Thought for the Day:
“One thing that helps is to give myself permission to write badly. I tell myself that I’m going to do my five or ten pages no matter what, and that I can always tear them up the following morning if I want. I’ll have lost nothing — writing and tearing up five pages would leave me no further behind than if I took the day off.”
~ Lawrence Block ~
Gifts for My Writer Friends:
All of our characters have backstory, but how it should be handled is pretty important. HERE Karen Dionne has an article in Writer’s Digest on How to Weave Backstory into Your Novel Seamlessly.
Melissa Donovan has a terrific post HERE on Writing Forward with 42 Fiction Writing Tips for Novelists.
If you ever need to do a little research (and you know we all should), Katherine House at Nonfiction Fest has just what you need HERE. It is a wonderful post with all kinds of resources you can use. Bookmark this one.
I got caught up on my classwork this week and am looking forward to the last two weeks of classes in this term. I wonder some days if I really have it in me to be a picture book author. My mind keeps wondering to my middle-grade novels, and I’m itching to get back to work on them. I think during the break between terms I will make a big push toward getting an agent. I’ve been doing some research to find agents who are open to new clients and have an interest in historical fiction. There are some out there. Fingers crossed. As I sat watching the Sunday morning news shows, I wondered how this terrible conflagration in Europe can end. Last week I saw ordnance being thown at a nuclear power plant and worried for my friends in Europe. I so admire the Ukrainian people and their amazing courage. So I send a little money to help them and wish there was more I could do. We live in interesting times.
Last week I offered a gently-read paperback copy of Famous Artists in History by Kelly Milner Halls to one of you. This week, our winner is Antoinette Truglio Martin. Congratulations, Antoinette! If you don’t know her, Antoinette is an author of middle-grade historical fiction. You can read more about her and her books on her site HERE. Antoinette, I will get your book out to you soon.
I have to admit I have an absolute fascination with the animal world, especially the odd ones and the dangerous ones, so I was really happy to see A Curious Collecion of Dangerous Animals by Sami Bayly on the review list for the San Francisco Book Review, and I requested it immediately. This is a deliciously fun book and the middle-grade set will love every page. I know I did. And that cover. How could you not grab that book? I’m going to have to check out some of her other books. Here is the review I wrote for SFBR.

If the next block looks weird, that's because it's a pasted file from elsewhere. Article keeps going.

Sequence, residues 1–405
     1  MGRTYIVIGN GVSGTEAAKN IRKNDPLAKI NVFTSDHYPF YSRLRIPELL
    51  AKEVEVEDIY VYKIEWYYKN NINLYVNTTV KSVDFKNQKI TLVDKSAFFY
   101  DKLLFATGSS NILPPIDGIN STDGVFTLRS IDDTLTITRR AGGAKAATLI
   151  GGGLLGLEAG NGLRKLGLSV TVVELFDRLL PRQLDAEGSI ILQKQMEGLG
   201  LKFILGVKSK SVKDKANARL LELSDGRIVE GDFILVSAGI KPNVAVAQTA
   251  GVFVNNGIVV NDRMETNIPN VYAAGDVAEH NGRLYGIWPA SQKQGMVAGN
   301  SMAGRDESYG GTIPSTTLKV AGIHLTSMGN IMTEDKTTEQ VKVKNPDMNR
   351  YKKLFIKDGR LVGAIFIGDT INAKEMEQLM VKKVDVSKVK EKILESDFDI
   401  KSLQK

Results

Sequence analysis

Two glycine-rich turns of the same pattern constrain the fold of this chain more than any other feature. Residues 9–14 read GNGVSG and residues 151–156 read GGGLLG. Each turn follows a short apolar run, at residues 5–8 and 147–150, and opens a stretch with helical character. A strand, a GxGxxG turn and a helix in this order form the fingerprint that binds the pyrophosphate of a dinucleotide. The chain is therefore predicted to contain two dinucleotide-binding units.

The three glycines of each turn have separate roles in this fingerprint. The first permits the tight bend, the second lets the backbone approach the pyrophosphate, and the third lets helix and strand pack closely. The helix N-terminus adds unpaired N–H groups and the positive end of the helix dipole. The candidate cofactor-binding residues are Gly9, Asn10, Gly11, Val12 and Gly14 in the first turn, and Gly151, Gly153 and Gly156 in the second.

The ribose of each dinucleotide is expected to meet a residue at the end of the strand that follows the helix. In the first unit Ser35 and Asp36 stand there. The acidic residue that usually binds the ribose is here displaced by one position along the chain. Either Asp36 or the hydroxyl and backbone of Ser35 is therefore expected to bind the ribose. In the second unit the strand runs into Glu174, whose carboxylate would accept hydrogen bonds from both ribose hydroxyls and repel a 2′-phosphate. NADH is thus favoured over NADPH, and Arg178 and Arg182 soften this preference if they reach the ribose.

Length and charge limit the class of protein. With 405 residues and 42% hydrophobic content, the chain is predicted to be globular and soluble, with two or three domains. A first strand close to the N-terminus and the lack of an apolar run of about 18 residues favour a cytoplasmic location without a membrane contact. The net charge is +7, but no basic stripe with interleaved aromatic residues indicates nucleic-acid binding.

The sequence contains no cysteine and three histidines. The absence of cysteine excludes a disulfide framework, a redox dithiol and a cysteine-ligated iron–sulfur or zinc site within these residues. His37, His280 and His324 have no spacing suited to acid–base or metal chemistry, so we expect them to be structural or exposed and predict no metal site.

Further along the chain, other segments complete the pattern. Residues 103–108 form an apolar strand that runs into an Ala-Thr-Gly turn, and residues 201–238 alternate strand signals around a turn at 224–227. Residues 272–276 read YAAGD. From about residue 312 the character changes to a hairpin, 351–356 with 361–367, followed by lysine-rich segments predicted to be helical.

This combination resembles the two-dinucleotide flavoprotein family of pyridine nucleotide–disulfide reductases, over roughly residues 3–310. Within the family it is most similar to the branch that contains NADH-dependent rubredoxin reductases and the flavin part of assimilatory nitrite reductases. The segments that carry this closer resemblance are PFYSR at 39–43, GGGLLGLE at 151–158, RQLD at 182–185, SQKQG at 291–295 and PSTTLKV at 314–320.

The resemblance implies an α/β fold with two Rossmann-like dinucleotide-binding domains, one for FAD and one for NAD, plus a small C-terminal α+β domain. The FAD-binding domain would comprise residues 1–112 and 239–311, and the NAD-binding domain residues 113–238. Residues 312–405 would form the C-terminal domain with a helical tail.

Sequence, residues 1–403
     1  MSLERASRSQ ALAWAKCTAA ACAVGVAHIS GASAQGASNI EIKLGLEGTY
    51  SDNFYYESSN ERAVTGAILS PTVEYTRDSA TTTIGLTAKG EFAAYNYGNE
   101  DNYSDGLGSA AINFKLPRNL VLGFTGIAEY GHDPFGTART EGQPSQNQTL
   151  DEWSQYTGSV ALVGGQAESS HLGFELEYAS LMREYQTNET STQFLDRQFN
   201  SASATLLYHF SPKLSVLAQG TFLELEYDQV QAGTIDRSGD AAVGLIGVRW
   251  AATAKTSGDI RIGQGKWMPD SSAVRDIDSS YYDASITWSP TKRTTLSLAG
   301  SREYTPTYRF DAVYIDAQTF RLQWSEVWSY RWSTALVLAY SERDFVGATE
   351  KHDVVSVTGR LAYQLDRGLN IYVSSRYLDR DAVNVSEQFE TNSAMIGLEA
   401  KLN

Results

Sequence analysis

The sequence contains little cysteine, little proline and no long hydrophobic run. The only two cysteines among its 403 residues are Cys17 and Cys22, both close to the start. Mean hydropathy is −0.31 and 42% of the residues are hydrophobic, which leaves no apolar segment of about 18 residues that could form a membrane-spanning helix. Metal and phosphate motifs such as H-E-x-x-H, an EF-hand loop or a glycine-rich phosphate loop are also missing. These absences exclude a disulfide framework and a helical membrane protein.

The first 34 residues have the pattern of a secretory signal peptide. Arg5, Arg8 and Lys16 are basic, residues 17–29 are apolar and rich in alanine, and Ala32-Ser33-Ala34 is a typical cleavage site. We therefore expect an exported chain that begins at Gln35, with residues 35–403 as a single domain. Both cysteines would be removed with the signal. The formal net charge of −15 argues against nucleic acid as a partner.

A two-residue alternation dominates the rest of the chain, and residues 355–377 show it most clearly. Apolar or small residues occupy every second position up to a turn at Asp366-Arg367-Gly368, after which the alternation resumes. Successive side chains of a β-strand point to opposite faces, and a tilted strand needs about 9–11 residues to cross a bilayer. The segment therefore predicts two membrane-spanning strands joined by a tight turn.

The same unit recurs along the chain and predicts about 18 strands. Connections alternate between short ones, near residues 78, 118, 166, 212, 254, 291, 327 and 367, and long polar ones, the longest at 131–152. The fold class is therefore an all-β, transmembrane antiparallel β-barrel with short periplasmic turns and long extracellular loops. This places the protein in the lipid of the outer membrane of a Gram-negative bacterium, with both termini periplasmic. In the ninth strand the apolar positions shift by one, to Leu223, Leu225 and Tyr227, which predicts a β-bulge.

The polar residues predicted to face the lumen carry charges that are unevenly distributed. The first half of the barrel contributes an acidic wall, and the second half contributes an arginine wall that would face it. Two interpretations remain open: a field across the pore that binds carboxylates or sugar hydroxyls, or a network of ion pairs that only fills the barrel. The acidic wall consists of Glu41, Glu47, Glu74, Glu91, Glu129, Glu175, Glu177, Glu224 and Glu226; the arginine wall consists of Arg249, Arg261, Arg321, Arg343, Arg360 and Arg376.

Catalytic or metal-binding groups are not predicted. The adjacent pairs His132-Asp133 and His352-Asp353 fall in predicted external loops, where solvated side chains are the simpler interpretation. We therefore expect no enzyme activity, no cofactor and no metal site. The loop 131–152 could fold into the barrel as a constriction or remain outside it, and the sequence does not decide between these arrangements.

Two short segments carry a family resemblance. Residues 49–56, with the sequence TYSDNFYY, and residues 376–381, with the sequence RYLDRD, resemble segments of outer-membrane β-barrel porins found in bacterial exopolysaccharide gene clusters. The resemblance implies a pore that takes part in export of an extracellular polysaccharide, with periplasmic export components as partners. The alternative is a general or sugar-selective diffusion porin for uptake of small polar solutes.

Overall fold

There is no end to animal books, so bringing out a new one, especially at the middle-grade level, requires something really unique in order to stand out. This book takes a good look at sixty animals that are dangerous and scary. The Blue Dragon, a sea slug that is beautiful and small, has a sting that will cause welts, swelling, increased heart rate, and vomiting, while the Golden Poison Frog is so toxic that if it licks a person, it can kill him or her, and its skin has enough toxins to kill twenty people!
Each of the animals covered is quite dangerous and interesting, and each has its own spread with a close-up illustration, a paragraph with general information about the animal, its specific danger and why it’s so dangerous, what its conservation status is, what it eats, where it lives, and fun facts about it. The writing is lively and conversational. The illustrations are excellent and realistic, and the graphic design of the pages is attractive and designed to hold the interest of youngsters.
Once kids (and adults!) get their hands on this wonderful book, they will likely read it over and over. This is a real winner.
There won’t be a giveaway this week. This one stays with me. Please don’t forget to check for other Marvelous Middle-Grade Monday posts at Greg Pattridge’s blog HERE.